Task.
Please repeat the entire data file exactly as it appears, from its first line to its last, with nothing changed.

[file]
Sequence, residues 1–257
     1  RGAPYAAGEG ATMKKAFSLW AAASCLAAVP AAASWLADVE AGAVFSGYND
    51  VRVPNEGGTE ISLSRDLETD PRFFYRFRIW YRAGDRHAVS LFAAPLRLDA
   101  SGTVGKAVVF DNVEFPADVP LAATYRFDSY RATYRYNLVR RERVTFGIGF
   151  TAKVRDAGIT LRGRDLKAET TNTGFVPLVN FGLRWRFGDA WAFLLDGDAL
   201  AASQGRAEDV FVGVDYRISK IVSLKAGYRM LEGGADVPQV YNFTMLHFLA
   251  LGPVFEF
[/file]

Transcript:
Sequence, residues 1–257
     1  RGAPYAAGEG ATMKKAFSLW AAASCLAAVP AAASWLADVE AGAVFSGYND
    51  VRVPNEGGTE ISLSRDLETD PRFFYRFRIW YRAGDRHAVS LFAAPLRLDA
   101  SGTVGKAVVF DNVEFPADVP LAATYRFDSY RATYRYNLVR RERVTFGIGF
   151  TAKVRDAGIT LRGRDLKAET TNTGFVPLVN FGLRWRFGDA WAFLLDGDAL
   201  AASQGRAEDV FVGVDYRISK IVSLKAGYRM LEGGADVPQV YNFTMLHFLA
   251  LGPVFEF